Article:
Nationalist and Right Wing terrorists are the second deadliest group by ideology, as they account for 6.6% of all terrorist murders during this time. The 1995 Oklahoma City bombing, the second deadliest terrorist attack in U.S. history, killed 168 people and accounted for 77% of all the murders committed by Nationalist and Right Wing terrorists. The chance of being murdered in a Nationalist or Right Wing terrorist attack was about 1 in 33 million per year.
Left Wing terrorists killed only 23 people in terrorist attacks during this time, about 0.7% of the total number of murders, but 13 since the beginning of 2016. Nationalist and Right Wing terrorists have only killed five since then, including Charlottesville. Regardless, the annual chance of being murdered by a Left Wing terrorist was about 1 in 330 million per year.
Terrorists inspired by Nationalist and Right Wing ideology have killed about 10 times as many people as Left Wing terrorists since 1992. Terrorists with unknown or other motivations were the least deadly. Islamists swamped them all.
There is some ambiguity in counting terrorist attacks by ideology, but only with a minority of deaths. Islamists and unknown/other terrorists are easy to categorize. Left Wing terrorists included communists, socialists, animal rights activists, anti‐white racists, LGBT extremists, attackers inspired by Black Lives Matter, and ethnic or national separatists who embrace Socialism. Nationalist and Right Wing terrorists include white nationalists, neo‐Confederates, non‐socialist secessionists, anti‐communists, fascists, anti‐Muslim attackers, anti‐immigration extremists, sovereign citizens, bombers who targeted the IRS, militia movements, and abortion clinic bombers.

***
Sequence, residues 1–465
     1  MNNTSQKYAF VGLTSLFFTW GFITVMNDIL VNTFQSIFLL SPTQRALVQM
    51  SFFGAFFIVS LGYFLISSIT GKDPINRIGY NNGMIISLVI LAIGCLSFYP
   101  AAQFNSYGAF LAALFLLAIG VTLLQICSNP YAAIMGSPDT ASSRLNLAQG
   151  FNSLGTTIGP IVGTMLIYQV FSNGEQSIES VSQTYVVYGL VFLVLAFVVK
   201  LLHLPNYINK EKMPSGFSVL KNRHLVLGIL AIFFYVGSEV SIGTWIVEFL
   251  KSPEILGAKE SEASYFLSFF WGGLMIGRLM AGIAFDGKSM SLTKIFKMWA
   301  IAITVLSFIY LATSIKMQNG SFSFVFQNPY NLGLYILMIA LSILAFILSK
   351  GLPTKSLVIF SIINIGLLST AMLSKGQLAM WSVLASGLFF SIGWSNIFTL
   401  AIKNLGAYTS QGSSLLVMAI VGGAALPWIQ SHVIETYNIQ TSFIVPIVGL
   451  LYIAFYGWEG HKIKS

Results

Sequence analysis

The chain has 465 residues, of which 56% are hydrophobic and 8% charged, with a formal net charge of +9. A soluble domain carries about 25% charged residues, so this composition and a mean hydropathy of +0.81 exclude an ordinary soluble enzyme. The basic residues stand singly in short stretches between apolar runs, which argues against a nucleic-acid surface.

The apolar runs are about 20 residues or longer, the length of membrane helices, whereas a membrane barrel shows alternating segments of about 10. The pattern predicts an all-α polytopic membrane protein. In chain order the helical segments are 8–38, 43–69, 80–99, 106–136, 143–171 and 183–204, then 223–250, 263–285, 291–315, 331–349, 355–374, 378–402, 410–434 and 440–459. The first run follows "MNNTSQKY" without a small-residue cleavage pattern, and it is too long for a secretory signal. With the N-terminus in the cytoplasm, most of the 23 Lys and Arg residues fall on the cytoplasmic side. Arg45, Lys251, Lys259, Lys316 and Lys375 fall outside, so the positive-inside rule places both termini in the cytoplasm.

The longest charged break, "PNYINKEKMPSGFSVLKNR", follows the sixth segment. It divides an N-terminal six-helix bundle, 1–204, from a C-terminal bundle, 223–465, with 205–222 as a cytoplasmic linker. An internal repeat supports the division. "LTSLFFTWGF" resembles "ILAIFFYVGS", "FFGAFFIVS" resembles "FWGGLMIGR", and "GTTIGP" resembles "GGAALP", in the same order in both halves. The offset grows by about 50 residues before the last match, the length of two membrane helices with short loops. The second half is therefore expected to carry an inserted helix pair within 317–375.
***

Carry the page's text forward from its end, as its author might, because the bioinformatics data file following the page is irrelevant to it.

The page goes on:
My terrorism research focuses on deaths committed by terrorists because that is the easiest and the least ambiguous metric to analyze the damage committed by terrorism. Attacks could be as minor as a pipe bomb left by a bulldozer that explodes at 2:30 a.m., or as deadly as the 9/11 attacks that killed 2,983 people and caused billions in property damage, so counting the number of attacks by ideology does not reveal much.
The risk of being killed in a terrorist attack on U.S. soil is small. The chance of being murdered in a non‐terrorist homicide from 1992 through 2017 was about 1 in 17,000 a year, which is about 133 times as great as being killed by a terrorist. Islamist terrorists are the deadliest in U.S. history—and certainly since 1992. Islamism is an ideology created overseas, while much of the ideology that inspires Nationalist, Right Wing, and Left Wing terrorism is homegrown.
The number of people killed in terrorist attacks on U.S. soil is small, but some ideologies inspire more terrorism than others. Islamists have killed about 14 times as many people as Nationalist and Right Wing terrorists who, in turn, have killed about 10 times as many people as Left Wing terrorists. Keeping these numbers in perspective should help cut through the partisan spin after the Charlottesville terrorist attack.